When I initially do an intake for a health coaching client, the first question I want to know the answer to is how they are sleeping.

Get Your ZZZZs- 9 Detrimental Health Effects of Poor Sleep


When I initially do an intake for a health coaching client, the first question I want to know the answer to is how they are sleeping. When evaluating men and women for age management recommendations, the issues we deal with are sleeping, hormone balance, inflammation, nutrition, immunity, natural recommendations and exercise. I call this the SHINING protocol and it is applicable to anyone over the age of 40. If all of these areas are optimized as we enter our middle age, aging becomes a graceful experience. The pillar of health is adequate sleep since your body takes that time to heal and make hormones.

We have become a society that feels that continuing to “produce” makes us successful. Unfortunately, it also makes us die. Sleep deprivation has been shown to increase risks of of coronary heart disease, the number one killer of Americans for the past several decades. There are more calcium deposits in the coronary arteries of people who sleep less than five hours per day. Interestingly, there are more calcium deposits in coronary arteries of people who sleep more than nine hours a day. Therefore, there is a sweet spot for sleeping.

The healthiest amount of sleep? Seven hours a day. This is the amount of sleep that results in the least amount of vascular disease in adults. In a British study published in 2007, reducing sleep from seven to five hours per day doubles the risk of death from all causes.

What are the health effects of inadequate sleep?

1. Increased accidents: Sleep deprivation has the same effect on driving as DWI. Sleep deprivation was implicated in the Chernobyl meltdown, the Three Mile Island disaster and the Exxon Valdez Oil spill.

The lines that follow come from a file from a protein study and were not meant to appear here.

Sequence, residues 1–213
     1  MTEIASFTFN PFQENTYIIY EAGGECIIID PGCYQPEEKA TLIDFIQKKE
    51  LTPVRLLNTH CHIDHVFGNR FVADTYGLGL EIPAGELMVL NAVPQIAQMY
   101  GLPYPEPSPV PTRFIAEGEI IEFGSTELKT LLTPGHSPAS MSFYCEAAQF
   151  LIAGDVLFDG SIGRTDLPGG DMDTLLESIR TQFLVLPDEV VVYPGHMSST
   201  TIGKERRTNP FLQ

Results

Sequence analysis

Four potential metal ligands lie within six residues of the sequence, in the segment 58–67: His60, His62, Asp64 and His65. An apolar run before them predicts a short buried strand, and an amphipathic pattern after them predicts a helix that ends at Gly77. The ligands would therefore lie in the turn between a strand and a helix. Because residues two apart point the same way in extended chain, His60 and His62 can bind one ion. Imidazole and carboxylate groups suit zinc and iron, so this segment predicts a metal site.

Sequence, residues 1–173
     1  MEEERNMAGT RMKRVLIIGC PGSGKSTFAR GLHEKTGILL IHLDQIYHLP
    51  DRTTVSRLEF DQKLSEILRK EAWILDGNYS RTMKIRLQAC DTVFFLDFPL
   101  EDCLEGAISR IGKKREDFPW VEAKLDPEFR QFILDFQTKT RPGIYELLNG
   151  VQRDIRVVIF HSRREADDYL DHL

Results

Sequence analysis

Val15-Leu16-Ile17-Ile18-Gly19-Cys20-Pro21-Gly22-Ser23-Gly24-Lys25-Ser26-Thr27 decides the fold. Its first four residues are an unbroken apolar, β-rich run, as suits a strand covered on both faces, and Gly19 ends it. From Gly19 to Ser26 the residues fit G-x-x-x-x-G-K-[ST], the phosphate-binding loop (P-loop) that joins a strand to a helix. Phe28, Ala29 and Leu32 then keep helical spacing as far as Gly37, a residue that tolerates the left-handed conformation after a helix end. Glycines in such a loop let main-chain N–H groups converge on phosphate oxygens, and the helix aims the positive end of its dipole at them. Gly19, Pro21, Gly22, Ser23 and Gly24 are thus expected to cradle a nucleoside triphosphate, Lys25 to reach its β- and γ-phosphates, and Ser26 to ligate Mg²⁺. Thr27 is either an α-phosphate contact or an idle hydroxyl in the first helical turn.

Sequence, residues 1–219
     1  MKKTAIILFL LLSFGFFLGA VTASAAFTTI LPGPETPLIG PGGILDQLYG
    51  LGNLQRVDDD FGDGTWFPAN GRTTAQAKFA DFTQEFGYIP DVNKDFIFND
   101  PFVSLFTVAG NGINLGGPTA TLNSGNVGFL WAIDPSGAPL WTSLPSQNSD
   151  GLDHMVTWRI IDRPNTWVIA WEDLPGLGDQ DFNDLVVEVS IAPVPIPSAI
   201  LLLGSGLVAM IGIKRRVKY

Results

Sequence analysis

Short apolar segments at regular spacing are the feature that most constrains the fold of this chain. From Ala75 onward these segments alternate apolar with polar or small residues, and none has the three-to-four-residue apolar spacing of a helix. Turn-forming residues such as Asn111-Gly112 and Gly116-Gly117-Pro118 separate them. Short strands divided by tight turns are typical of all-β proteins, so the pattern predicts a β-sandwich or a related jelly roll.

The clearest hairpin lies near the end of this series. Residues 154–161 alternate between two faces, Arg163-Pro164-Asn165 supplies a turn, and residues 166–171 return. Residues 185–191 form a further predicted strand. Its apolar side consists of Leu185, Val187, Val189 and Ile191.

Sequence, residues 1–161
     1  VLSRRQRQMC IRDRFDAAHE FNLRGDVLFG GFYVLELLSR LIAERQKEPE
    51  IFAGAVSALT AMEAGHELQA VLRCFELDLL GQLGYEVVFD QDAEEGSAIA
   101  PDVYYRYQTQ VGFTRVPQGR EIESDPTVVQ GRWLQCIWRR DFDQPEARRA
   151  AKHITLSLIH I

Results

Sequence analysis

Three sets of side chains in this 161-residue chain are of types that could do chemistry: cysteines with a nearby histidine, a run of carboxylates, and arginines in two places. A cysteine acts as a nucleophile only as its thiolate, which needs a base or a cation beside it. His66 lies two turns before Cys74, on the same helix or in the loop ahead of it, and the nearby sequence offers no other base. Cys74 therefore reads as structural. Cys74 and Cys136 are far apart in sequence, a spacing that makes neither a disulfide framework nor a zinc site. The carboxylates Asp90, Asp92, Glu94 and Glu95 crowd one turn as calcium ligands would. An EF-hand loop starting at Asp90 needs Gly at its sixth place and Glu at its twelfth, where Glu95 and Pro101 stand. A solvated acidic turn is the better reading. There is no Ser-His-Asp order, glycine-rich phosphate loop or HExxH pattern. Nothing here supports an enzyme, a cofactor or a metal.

2. Health issues such as increased risk of heart attack, heart failure, diabetes, high blood pressure and stroke. These are the most preventable illnesses that affect us in our middle years.

3. Sleep apnea in men equals low testosterone levels and reduced sex drive. More than likely, this is similar in women since the onset of menopause results in 50% reduction in testosterone levels. Frequently, erectile dysfunction in men leads to measurement of testosterone levels. ED has been shown to be one of the predictors of future heart disease. A significant amount of men in their forties start having ED.

4. Sleep deprivation lowers cognitive functioning including reasoning, logic, alertness and problem solving. The results: ineffectiveness.

5. Lack of sleep has a strong correlation to insomnia. You are 500% more likely to suffer from depressive symptoms with lack of adequate sleep. Many people tell me when they wake up in the morning, they feel like they need a nap since they don’t feel rested. In middle aged clients, the most common complaints I hear are fatigue and lethargy. Most don’t sleep through the night.

6. Feeling that you have adapted to less sleep has been shown to decrease your performance on tests designed to assess mental alertness and performance. You might think you have adapted, but realistically, you have become less effective in every aspect of your life.

7. Inadequate sleep increases hunger and appetite. Obesity is more common in people who sleep six or less hours per night than those who sleep seven or eight hours nightly. Lack of sleep increases our cravings for high carbohydrate and high fat foods. Gherelin levels in the brain increase appetite and leptin levels suppresses appetite. Lack of sleep increases gherelin levels and decreases leptin levels.

8. Inadequate sleep increases cortisol levels leading to break down of collagen, the substance that helps keep skin smooth. Lack of sleep also induces less production of Human Growth Hormone which can decrease muscle mass, resulting in thin skin and weaker bone health. Hormones are produced and released while we are sleeping.

9. Inadequate sleep induces memory loss. Memories are created during the deepest levels of sleep.

In my health coaching practice, sleep deprivation and stress management, as well as hormone balance, are the most important issues with which we deal. Optimizing sleep is the pillar to successful to management of middle aged health.[/vc_column_text][/vc_column][/vc_row]

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